Philippines’ Duterte alleges coup plot based on tip from a foreign power

In this photo released by the Malacanang Presidential Photographers Division, Philippine President Rodrigo Duterte, left, listens to a question from Chief Presidential legal counsel Salvador Panelo during a state TV talk show at the Malacanang presidential palace in Manila, Philippines, on Tuesday Sept. 11, 2018. (AP)
Updated 12 September 2018
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Philippines’ Duterte alleges coup plot based on tip from a foreign power

MANILA: Philippine President Rodrigo Duterte on Tuesday revealed what he said was a plot to unseat him hatched by the opposition, Maoist rebels and a group of former soldiers who had mounted failed coups in the past.
In a conversation with his lawyer, shown on national television, Duterte said he had asked the military to “declassify” information about the plot which he said was gathered by a third country he did not identify.
“We have the evidence and we have the conversation provided by a foreign country sympathetic to us,” Duterte told Salvador Panelo, presidential legal counsel, in an hour-long conversation.
He said the Communists, politicians opposed to him and a group of ex-servicemen, including a senator he wanted arrested after revoking his amnesty, “were in constant communication.”
Duterte said the “connection will be shown, maybe any day now.”
Last week, Duterte withdrew a 2010 amnesty granted to his most vocal critic, Senator Antonio Trillanes, a former junior naval officer who led two unsuccessful coup attempts 15 years ago, and ordered his arrest.
Trillanes’ party-mate, Congressman Gary Alejano, who also took part in the failed coups, denied the president’s accusations they were plotting his ouster, saying they were only doing their work as “members of the opposition under the checks and balance system of our democratic government.”
Alejano said the president was trying to “divert the attention of the people from the present economic woes they themselves have failed to address.”
Duterte also warned soldiers against “colluding” with Trillanes’ group as coup rumors swirled in the capital early on Tuesday after army trucks and armored vehicles were seen rolling down Manila’s main roads.
The military quickly denied there were “sizeable movements of military aircraft or armored vehicles.”
“There is no cause for alarm,” military spokesman Marine Col. Edgard Arevalo told reporters, adding these were “routine movements that are properly coordinated.”


Hong Kong bans pro-independence party

In this file photo taken on August 5, 2016, Andy Chan (R), leader of the pro-independence Hong Kong National Party (HKNP), gives a press conference at the start of a rally near the government's headquarters in Hong Kong. (AFP)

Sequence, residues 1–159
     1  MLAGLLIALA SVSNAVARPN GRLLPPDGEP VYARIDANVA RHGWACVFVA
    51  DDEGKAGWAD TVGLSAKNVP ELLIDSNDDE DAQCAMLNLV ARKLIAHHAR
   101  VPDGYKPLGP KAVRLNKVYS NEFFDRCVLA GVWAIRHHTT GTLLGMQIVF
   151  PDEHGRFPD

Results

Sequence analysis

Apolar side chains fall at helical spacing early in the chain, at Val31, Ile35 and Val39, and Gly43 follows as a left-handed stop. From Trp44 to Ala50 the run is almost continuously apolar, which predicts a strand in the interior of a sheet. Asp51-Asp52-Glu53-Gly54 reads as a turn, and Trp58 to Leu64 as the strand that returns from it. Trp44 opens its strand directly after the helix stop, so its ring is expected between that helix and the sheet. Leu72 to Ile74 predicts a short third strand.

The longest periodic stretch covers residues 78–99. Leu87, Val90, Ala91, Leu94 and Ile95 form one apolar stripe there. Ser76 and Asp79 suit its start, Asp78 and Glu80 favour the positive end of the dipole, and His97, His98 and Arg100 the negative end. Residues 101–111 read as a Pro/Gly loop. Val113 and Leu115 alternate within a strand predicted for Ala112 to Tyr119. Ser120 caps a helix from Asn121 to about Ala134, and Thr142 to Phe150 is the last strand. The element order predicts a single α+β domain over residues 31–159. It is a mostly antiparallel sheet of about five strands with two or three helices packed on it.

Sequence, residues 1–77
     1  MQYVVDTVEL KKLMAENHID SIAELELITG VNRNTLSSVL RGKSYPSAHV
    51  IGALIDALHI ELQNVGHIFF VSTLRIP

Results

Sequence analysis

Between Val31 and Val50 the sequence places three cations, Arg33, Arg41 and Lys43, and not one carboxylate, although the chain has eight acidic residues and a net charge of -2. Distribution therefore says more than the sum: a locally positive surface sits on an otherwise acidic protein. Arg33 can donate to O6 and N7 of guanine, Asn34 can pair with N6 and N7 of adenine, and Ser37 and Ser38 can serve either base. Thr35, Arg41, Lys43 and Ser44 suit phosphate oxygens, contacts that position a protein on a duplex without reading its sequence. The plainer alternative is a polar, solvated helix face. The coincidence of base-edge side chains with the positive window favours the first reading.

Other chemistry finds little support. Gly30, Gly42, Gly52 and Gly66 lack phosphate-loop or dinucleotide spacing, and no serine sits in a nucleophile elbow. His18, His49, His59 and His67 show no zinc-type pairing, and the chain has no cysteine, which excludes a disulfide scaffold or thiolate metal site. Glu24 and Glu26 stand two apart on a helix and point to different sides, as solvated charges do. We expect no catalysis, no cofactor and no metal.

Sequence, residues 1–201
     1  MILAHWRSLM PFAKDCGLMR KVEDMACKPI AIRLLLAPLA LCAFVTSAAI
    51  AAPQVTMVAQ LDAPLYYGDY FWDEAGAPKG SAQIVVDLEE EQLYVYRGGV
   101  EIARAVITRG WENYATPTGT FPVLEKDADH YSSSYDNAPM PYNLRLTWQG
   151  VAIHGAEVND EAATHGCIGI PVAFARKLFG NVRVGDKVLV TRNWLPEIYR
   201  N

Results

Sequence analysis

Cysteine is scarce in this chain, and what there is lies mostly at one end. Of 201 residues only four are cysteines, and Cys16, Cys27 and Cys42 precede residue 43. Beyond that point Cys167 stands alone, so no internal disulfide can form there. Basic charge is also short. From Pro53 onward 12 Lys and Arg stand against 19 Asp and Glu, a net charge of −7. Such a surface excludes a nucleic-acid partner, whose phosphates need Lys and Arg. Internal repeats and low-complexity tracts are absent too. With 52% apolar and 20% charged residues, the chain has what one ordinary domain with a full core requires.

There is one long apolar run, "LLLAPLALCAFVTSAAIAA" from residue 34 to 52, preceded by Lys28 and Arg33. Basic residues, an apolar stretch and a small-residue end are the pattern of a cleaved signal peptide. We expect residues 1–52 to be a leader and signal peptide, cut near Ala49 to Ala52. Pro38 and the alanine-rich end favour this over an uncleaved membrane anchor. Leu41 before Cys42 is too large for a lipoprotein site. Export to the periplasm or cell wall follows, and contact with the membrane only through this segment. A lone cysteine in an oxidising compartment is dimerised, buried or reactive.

Updated 24 September 2018
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Hong Kong bans pro-independence party

  • The ban is likely to raise further questions about Beijing’s growing influence in the former British colony, which was promised semi-autonomy as part of the 1997 handover

HONG KONG: Authorities in Hong Kong on Monday took an unprecedented step against separatist voices by banning a political party that advocates independence for the southern Chinese territory on national security grounds.
John Lee, the territory’s secretary for security, announced that the Hong Kong National Party will be prohibited from operation from Monday.
Lee’s announcement did not provide further details. But Hong Kong’s security bureau had previously said in a letter to the National Party’s leader, 27-year-old Andy Chan, that the party should be dissolved “in the interests of national security or public safety, public order or the protection of the rights and freedoms of others.” Chan had no immediate comment.
That letter had cited a national security law that has not been invoked since 1997. The ban is likely to raise further questions about Beijing’s growing influence in the former British colony, which was promised semi-autonomy as part of the 1997 handover. Chinese President Xi Jinping and other officials have warned separatist activity would not be tolerated.
Chan, the National Party leader, had previously told The Associated Press that police approached him with documents detailing his speeches and activities since the party’s formation in 2016.
The party was founded in response to frustration about Beijing’s treatment of Hong Kong. Despite a promise of autonomy, activists complain mainland influence over its democratic elections is increasing.
Chan and other pro-independence candidates were disqualified from 2016 elections to the Hong Kong legislature after they refused to sign a pledge saying Hong Kong is an inalienable part of China. The Hong Kong National Party has never held any seats on the council.